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Just Who Gets To Be A ‘Bad Mom’?

Unpacking the stark similarities of film’s new favorite trope

In recent years, films have embraced the “Bad Mom” narrative: A female parent exhibits behavior that, traditionally, has only been socially acceptable for men to display—recklessness, a penchant for partying, a lackadaisical approach to authority. From hard-hitting dramas like 2009’s Precious and 2001’s Riding in Cars with Boys to raunchy comedies like 2016’s Bad Moms, films like these fill a void within popular culture, shedding light on a harsh truth: Once women reach a certain age or marker in life—motherhood, if we’re being specific—the already limited roles they’re allowed to occupy become even more constrained. Alternatively, the “Bad Mom” trope embraces imperfection; it humanizes and elevates the experiences of mothers, who are typically reduced to one-dimensional caretakers in the public eye. It allows them to mess up, become frustrated with the challenges of parenthood, and struggle to keep both their family and their individual lives intact. It has the potential to recalibrate gender stereotypes in media and more honestly reflect the vast spectrum of what motherhood looks like. Essentially, the rise of the “Bad Mom” offers space to mothers who wish to define themselves closer to their own terms. While it has the capacity to widen our definition and concept of motherhood, a crucial question emerges: Who is allowed to be a “Bad Mom,” and to what effect?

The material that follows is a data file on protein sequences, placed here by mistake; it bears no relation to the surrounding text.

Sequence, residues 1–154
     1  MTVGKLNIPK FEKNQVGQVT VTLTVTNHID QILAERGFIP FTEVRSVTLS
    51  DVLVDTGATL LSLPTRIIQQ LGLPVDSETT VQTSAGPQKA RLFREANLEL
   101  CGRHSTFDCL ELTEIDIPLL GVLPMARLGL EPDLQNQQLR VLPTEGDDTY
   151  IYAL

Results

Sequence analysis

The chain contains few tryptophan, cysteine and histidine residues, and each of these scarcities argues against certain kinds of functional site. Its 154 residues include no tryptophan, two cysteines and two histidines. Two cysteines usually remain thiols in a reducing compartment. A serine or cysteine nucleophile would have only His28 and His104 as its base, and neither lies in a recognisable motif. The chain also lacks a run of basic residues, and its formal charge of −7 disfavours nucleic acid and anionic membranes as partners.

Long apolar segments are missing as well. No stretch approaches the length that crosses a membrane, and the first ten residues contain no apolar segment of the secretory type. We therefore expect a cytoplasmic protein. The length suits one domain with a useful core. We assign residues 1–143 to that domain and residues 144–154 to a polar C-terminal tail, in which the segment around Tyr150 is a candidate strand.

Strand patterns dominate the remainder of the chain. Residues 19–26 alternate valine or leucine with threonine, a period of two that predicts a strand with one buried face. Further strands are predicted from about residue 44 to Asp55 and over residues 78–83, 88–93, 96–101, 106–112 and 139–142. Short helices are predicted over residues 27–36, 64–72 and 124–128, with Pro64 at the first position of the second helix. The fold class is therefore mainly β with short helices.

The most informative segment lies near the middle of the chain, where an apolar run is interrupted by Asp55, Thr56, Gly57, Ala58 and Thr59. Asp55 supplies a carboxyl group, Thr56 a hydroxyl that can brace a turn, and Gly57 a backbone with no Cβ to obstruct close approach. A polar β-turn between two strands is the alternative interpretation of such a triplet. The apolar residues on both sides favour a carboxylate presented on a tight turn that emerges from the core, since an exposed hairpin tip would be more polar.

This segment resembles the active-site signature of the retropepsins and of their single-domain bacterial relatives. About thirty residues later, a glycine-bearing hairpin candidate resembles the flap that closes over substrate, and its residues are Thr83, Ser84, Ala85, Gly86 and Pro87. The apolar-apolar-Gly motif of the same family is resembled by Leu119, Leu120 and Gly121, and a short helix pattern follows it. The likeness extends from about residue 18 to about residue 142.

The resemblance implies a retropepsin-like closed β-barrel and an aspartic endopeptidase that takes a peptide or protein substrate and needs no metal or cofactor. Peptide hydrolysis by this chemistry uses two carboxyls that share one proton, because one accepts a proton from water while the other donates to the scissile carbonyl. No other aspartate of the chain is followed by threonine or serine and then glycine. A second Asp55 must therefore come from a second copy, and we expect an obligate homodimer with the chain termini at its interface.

Mrs. George from Mean Girls

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